HARRISBURG, Pa. (WTAJ) — A Bradford County nurse practitioner was sentenced Thursday after pleading guilty in March to prescribing medications without a collaborating doctor and false billing.

According to Attorney General Michelle Henry, Stefanie King, 46, of Ulster, P.a., will serve ten years of probation, with the first six months on home confinement with an electronic monitor, and pay nearly $450,000 restitution as an outcome of the sentencing.

According to the release, the investigation found that King falsely billed in excess of $300,000 to private insurers and an additional $100,000 to the Commonwealth. She also wrote over 3,750 prescriptions to patients while not meeting the requirement to prescribe under Pennsylvania law.

Some of the criminal conduct happened while King was engaging in an inappropriate relationship with a patient, according to Henry.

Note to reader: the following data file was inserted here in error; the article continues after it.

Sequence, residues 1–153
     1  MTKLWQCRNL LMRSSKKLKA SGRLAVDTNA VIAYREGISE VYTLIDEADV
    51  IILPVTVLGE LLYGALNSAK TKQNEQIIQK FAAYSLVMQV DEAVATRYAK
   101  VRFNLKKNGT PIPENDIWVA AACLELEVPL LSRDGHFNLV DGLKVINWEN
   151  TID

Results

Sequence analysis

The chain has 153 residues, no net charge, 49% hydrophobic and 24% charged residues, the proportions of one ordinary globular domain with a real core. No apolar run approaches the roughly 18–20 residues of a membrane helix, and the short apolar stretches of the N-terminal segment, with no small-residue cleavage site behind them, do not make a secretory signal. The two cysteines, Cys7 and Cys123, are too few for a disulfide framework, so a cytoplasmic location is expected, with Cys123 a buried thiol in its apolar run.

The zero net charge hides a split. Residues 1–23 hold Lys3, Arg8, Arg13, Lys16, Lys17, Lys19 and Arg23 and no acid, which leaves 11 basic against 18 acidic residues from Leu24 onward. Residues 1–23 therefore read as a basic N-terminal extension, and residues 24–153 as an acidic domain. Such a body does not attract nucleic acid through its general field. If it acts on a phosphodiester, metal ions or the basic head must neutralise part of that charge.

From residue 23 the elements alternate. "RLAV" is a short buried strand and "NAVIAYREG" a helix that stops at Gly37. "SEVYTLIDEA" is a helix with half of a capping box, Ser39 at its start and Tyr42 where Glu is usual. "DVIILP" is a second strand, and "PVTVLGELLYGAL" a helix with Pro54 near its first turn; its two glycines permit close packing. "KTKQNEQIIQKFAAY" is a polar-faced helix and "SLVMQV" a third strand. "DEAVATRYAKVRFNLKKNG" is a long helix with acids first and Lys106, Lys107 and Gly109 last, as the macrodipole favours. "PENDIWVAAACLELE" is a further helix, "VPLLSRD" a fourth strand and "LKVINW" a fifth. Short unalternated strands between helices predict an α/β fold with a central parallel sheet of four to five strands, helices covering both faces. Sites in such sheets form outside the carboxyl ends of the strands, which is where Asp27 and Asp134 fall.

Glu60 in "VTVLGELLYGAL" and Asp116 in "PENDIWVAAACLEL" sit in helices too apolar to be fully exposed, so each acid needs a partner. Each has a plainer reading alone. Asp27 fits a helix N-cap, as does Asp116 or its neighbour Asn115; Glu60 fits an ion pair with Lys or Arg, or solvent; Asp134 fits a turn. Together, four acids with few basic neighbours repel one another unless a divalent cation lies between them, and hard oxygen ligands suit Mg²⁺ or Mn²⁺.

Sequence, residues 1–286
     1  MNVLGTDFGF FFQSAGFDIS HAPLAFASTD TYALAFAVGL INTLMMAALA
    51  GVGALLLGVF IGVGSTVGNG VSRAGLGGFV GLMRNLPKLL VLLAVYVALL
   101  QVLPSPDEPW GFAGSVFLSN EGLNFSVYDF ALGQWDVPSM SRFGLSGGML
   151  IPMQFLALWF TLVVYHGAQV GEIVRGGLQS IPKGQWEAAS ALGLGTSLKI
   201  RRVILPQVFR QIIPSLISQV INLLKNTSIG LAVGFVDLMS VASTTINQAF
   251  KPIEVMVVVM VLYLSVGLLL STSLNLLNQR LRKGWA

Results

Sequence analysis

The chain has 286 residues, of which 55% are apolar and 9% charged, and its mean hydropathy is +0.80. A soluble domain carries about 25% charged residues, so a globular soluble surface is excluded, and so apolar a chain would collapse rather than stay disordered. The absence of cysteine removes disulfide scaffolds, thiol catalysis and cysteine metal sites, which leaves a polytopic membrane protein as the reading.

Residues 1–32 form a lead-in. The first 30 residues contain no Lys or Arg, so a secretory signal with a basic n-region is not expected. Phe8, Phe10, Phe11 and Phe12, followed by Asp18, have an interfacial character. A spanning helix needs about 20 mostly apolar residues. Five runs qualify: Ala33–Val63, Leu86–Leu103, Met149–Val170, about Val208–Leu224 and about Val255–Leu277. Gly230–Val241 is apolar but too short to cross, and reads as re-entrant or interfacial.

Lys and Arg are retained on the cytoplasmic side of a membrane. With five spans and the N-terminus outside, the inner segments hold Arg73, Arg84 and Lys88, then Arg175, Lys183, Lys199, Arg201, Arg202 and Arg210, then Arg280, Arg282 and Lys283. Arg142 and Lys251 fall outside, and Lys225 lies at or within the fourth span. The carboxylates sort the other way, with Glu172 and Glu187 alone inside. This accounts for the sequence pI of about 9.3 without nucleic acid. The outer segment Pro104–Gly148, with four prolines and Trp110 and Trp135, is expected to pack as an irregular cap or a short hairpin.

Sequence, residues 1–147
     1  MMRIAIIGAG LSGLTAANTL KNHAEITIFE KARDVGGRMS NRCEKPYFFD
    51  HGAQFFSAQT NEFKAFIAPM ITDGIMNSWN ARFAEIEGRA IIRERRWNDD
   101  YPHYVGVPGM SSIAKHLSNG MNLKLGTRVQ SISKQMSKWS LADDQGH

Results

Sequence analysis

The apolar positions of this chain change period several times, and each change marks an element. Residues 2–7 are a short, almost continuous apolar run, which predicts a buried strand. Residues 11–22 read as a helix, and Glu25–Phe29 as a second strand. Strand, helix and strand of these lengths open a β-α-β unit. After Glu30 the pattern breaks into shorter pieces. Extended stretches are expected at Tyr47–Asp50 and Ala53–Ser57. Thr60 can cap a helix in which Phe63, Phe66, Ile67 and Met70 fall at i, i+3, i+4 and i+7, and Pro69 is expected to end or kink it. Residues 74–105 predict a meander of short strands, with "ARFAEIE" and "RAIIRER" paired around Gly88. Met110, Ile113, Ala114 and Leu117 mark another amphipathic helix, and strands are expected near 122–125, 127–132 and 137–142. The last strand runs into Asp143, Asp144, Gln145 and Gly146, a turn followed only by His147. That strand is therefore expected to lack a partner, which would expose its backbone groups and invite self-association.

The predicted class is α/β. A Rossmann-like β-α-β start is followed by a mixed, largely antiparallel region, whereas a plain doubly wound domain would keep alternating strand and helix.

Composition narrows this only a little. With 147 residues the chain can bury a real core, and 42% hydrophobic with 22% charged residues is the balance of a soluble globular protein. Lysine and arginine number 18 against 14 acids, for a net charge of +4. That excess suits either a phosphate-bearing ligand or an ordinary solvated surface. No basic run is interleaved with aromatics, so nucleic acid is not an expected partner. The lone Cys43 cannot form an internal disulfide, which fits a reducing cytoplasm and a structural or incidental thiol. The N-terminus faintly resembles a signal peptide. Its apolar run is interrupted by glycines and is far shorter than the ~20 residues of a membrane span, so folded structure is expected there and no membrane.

“The defendant abused her position of trust by engaging in conduct that served herself and violated a system meant to assist our most vulnerable residents,” AG Henry said. “My office is committed to holding accountable those who put patients at risk and compromise our health care programs.”

King entered into a sexual relationship with a patient beginning in November 2016 at her Athens practice and billed a private insurer for time they spent together not related to medical care, according to the release. King later entered into a second relationship with a different patient and continued to prescribe controlled substances to him, despite discontinuing medical care after the relationship began.

Under Pennsylvania law, nurse practitioners are required to enter into collaborative agreements with licensed physicians in order to perform medical diagnoses and prescribe controlled substances.

King pleaded guilty to one felony count of violating the Controlled Substance Act- Obstained by Subterfuge, one felony count of Medicaid fraud, one felony count of insurance fraud and one felony count of violating the Controlled Substance Act- Delivery by Practitioner.

She has agreed to not practice as a nurse during her sentencing and voluntarily surrender her license to practice as a Certified Registered Nurse Practitioner.

The case was prosecuted by Senior Deputy Attorney General Mark Bellavia and Senior Deputy Attorney General Christopher R. Sherwood.